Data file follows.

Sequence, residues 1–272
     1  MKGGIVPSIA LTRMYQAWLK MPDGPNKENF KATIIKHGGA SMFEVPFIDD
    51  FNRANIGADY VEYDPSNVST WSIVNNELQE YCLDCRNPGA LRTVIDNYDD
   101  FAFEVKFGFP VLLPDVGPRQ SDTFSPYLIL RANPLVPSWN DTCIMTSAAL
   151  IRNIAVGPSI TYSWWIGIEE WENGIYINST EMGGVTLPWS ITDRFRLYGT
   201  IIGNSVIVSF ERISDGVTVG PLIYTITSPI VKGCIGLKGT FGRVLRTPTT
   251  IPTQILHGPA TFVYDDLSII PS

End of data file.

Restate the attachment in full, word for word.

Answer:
Sequence, residues 1–272
     1  MKGGIVPSIA LTRMYQAWLK MPDGPNKENF KATIIKHGGA SMFEVPFIDD
    51  FNRANIGADY VEYDPSNVST WSIVNNELQE YCLDCRNPGA LRTVIDNYDD
   101  FAFEVKFGFP VLLPDVGPRQ SDTFSPYLIL RANPLVPSWN DTCIMTSAAL
   151  IRNIAVGPSI TYSWWIGIEE WENGIYINST EMGGVTLPWS ITDRFRLYGT
   201  IIGNSVIVSF ERISDGVTVG PLIYTITSPI VKGCIGLKGT FGRVLRTPTT
   251  IPTQILHGPA TFVYDDLSII PS